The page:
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HSE urges people with the flu to stay away from hospitals

Do not go unless you are an at-risk person or your flu is getting worse after a week, Dr Vida Hamilton has advised.

Image: Shutterstock/Yuliya Apanasenko

THE HSE HAS urged people with the flu or norovirus to stay away from hospitals and GP surgeries to avoid infecting others who may already be unwell. 

Colds, sore throats and coughs are viral and can be treated with fluids and painkillers, said Dr Vida Hamilton, National Clinical Advisor, HSE Acute Hospital Operations. 

“Get plenty of rest, drink lots of fluids and take paracetamol or ibuprofen for temperatures, aches and pains,” Hamilton advised today. 

“You will know when you have the flu. It comes on more suddenly than a cold, the whole body is affected, and you’ll experience loss of appetite and energy.”

She advised to stay in bed, rest, take fluids and use over-the-counter medications like paracetamol to ease symptoms.

“By venturing out to the GP or emergency department, you are not only putting your body through a stressful time, you are spreading the virus to people who may be in the at-risk groups,” said Hamilton.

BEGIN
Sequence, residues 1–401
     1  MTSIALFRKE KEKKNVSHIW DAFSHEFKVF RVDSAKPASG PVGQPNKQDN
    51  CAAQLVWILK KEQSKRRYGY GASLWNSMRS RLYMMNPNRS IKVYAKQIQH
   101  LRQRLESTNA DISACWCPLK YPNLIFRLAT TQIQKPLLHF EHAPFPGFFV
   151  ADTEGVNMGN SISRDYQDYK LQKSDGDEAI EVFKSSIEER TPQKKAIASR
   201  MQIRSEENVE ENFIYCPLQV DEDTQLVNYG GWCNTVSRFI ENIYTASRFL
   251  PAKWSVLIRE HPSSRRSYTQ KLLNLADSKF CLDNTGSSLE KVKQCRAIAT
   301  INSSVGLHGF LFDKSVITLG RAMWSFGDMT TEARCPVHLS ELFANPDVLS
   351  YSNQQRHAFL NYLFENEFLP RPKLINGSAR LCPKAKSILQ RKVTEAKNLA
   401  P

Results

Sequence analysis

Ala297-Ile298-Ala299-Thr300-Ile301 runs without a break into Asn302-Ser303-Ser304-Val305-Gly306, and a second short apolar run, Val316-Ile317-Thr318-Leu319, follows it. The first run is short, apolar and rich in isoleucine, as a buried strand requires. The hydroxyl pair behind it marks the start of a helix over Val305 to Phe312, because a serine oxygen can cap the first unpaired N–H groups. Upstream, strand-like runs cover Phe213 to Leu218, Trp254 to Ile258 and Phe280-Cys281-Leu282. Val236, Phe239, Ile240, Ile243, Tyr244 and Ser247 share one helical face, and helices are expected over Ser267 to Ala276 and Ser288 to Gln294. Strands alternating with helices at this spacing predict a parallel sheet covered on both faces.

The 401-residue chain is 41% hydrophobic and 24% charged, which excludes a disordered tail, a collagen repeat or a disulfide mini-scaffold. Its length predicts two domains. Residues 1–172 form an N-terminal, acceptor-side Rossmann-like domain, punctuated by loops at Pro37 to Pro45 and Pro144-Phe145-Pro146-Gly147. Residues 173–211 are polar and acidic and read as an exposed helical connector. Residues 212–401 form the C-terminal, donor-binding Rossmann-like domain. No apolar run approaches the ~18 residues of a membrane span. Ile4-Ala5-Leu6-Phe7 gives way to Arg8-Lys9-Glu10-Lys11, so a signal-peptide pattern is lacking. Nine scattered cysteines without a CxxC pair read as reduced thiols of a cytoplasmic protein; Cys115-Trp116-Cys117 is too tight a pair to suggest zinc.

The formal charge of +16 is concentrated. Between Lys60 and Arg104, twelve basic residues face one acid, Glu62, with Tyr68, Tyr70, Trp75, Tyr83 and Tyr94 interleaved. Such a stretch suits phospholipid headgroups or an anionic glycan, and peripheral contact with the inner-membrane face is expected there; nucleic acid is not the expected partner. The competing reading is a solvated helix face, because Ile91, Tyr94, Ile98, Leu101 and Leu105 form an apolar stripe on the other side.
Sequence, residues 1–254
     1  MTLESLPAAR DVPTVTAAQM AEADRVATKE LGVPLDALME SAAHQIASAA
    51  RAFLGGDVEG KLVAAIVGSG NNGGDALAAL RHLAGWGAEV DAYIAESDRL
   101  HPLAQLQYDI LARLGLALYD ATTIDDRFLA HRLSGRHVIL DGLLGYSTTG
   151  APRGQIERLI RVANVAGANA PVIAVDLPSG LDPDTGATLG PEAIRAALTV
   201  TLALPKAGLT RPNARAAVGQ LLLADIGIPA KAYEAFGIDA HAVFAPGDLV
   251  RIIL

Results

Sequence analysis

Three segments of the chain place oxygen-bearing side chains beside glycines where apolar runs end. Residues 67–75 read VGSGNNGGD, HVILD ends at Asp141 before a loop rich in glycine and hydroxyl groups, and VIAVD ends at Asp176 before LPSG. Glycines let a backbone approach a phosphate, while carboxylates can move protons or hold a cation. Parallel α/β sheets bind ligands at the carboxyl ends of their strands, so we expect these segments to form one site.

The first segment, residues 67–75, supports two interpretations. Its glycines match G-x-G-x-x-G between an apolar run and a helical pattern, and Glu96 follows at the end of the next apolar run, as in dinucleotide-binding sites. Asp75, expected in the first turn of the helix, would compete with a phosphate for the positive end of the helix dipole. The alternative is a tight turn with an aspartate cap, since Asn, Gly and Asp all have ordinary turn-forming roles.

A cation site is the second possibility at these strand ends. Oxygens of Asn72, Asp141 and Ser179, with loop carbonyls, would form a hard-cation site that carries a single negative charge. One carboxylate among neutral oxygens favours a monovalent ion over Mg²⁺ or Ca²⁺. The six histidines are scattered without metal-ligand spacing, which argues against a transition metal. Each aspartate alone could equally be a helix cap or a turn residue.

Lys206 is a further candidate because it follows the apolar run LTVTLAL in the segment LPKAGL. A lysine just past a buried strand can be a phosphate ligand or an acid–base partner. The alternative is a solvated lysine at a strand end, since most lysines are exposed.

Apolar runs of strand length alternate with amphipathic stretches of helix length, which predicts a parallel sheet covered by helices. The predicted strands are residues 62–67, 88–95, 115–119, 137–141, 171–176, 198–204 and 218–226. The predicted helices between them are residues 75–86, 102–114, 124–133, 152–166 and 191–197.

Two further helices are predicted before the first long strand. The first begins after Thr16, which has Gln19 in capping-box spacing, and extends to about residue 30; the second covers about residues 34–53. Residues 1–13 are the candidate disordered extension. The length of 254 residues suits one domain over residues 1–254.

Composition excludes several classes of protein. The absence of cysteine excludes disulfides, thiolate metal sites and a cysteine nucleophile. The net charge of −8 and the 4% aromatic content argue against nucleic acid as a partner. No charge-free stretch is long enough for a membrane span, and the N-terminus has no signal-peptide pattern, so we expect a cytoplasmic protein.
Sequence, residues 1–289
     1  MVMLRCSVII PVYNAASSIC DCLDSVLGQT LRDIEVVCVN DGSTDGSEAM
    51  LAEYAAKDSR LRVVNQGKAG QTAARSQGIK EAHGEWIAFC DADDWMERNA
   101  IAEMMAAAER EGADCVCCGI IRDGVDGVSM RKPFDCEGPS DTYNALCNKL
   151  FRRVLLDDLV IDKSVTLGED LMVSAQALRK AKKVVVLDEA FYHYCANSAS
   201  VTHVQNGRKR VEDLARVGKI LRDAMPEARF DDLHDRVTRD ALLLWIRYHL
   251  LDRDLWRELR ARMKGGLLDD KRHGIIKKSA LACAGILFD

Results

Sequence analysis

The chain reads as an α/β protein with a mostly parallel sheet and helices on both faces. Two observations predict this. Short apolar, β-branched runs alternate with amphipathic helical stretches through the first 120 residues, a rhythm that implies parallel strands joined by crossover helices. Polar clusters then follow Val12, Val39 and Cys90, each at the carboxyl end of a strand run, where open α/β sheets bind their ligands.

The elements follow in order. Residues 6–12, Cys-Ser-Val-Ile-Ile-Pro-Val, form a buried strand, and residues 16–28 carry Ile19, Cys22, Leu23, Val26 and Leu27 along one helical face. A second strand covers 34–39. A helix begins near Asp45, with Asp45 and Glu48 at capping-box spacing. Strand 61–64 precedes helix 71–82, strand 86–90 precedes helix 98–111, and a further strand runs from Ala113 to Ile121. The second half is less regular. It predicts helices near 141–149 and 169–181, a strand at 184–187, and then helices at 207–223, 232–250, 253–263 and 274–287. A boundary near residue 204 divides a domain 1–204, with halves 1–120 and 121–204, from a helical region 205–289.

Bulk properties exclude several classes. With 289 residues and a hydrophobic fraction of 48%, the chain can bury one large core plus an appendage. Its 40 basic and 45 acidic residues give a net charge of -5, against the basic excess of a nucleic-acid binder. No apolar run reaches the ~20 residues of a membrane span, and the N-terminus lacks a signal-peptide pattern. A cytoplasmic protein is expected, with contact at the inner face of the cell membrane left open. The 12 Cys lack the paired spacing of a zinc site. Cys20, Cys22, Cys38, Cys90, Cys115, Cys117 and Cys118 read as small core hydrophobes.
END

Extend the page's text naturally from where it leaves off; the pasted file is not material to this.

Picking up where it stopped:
She advised that only if you are an at-risk person, or a healthy person who is getting worse a week into the flu, should you seek medical advice from a doctor. 

Those who are at-risk include people aged 65 and over, people with chronic illnesses, pregnant people and those with morbid obesity. 

“Remember, there will be sicker, immuno-compromised, and elderly and frail people at the surgery and in our hospitals, for whom exposure to flu could prove fatal, so think before you head out the door,” said Hamilton. 

Other ways to avoid spreading the flu include:

  • Putting used tissues in the bin immediately before washing your hands or using hand sanitiser.
  • Cough or sneeze into your upper sleeve if you don’t have a tissue. 
  • Do not cough or sneeze into your hands – this will spread germs to everything you touch.

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Visit the HSE website for more advice on treating mild and viral illnesses this winter.

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